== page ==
forces and moments for the stage of maximum drift are determined traditionally through
the distribution of the base shear, V, throughout the building. The effective damping,
pef , is used in this case to find the appropriate reduction factors for the calculated lateral
load applied to each floor using Table 2-15 of FEMA 273. (The reader is referred to
FEMA 273 Chapter 3 for more details on calculating the design lateral load.) For the
stage of maximum velocity and zero drift, the applicable forces include the viscous forces
created by the dampers calculated using the relation given by Equation 1 (neglecting the
A F term), where the relative velocity, i, is estimated as

i = 2 ,tflu

(6)

where fl is the fundamental frequency of the building and u is the relative displacement
between the ends of the FVD. In addition, horizontal inertia forces are included in this
stage to maintain zero drift for each floor. And finally, at the stage of maximum floor
acceleration, the design forces and moments acting on the structure are calculated using
the relation:
[action]max.accel. = CF x [action]max.drift + CF 2 x [action]max.velocity

(7)

where the combination factors, CF1 and CF2, are given by the following equations
calculated using the effective damping, / 3ef ,found by Equation 3:
CF = cos[tan - (2,leff)]

(8)

CF2 = sin[tan- 1(2,eff)]

(9)

It can, therefore, be seen that in order to determine the design actions for the stages of
maximum velocity and maximum floor accelerations, it is necessary to first know the
value of the damping constant, Co, of the dampers used. The process is then inherently
iterative.
For the dynamic procedures, the corresponding equations for each mode m are:

+ 4

W(10)

= lWnkFmi, 9m,

(11)

2e2

Wmm-

C, (s

(12)

Two linear dynamic methods of analysis are recognized - the Response Spectrum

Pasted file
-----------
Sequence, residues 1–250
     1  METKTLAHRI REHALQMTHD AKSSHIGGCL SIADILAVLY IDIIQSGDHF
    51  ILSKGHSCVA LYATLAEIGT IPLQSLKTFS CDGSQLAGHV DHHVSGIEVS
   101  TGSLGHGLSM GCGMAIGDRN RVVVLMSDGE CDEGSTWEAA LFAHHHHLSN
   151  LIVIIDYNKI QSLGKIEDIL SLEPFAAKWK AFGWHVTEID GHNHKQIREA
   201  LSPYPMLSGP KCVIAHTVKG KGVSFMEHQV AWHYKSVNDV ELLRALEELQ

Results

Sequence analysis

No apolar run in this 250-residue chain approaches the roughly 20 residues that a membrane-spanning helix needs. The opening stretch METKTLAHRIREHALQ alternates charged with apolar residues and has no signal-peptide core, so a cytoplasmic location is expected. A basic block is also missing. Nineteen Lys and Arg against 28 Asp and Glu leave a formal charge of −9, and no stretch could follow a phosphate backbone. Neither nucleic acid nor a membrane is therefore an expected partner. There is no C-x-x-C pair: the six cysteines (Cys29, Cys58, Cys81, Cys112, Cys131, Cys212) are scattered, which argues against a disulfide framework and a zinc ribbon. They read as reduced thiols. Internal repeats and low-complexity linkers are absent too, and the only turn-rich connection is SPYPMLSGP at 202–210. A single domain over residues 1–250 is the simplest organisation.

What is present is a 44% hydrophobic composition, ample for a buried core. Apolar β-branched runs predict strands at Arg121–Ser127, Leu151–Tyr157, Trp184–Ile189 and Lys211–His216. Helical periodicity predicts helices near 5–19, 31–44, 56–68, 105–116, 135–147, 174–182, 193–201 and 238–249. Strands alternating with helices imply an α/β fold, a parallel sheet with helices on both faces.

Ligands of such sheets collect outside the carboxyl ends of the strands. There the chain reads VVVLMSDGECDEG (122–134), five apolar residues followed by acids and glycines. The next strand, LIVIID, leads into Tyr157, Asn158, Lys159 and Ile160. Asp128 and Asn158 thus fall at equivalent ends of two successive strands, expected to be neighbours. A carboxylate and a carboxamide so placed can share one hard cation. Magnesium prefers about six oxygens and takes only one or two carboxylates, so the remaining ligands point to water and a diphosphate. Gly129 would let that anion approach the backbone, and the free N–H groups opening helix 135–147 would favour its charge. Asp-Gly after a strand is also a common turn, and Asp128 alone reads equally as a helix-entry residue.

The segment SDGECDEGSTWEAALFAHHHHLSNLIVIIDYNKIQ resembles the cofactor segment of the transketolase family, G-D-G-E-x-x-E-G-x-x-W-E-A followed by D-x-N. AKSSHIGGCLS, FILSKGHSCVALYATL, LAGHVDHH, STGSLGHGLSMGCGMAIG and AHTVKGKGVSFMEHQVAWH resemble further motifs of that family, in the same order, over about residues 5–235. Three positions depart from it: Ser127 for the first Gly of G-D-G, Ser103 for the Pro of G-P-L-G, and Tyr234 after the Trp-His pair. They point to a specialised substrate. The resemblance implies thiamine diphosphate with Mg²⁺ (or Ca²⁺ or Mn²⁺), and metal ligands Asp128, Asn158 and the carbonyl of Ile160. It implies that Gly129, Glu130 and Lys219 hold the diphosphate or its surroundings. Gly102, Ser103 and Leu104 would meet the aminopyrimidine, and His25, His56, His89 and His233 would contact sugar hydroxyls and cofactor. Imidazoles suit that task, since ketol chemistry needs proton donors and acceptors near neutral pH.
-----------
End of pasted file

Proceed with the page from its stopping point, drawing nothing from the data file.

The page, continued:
Method, which uses modal analysis to determine building response, and the Time-History
Method, which determines building response at every time step using time-history
records. Only the significant modes need to be considered in dynamic analysis. The
effective damping values for these modes are used in similar ways as the static analysis
except, for the stage of maximum drift, the actions may be determined directly from the
Response Spectrum Method. However, guidelines as to how to carry out these dynamic
analyses are not provided.

For instance, for the Response Spectrum Method, no

specifications are given as to how to model the building - as a shear beam, as a bending
beam, or as a combination of the two.
Based on the amount of redundancy, the guidelines also require that if four or
more dampers are used for a given direction and story of a building, the displacements
that they are able to sustain under a MCE must equal to 130% of the maximum calculated
displacement; otherwise, they shall be designed for 200% of the maximum displacement.
Regardless of the method of analysis used (static or dynamic, linear or nonlinear),
it is conceded that resulting values for displacement will be fairly accurate, but internal
forces will be too high.

Therefore, multiple types of analysis would need to be

performed. In general, however, since these NEHRP Guidelines are fairly new, their
usefulness can not be readily assessed. At this point, structural engineers who practice
seismic damper design refer primarily to academic researchers directly for consultation or
are themselves associated with the research.

6.0

Design with Fluid Viscous Dampers

The design of a building with fluid viscous dampers calls for the engineer to
prescribe the number, size, location of the dampers required for each floor of the building.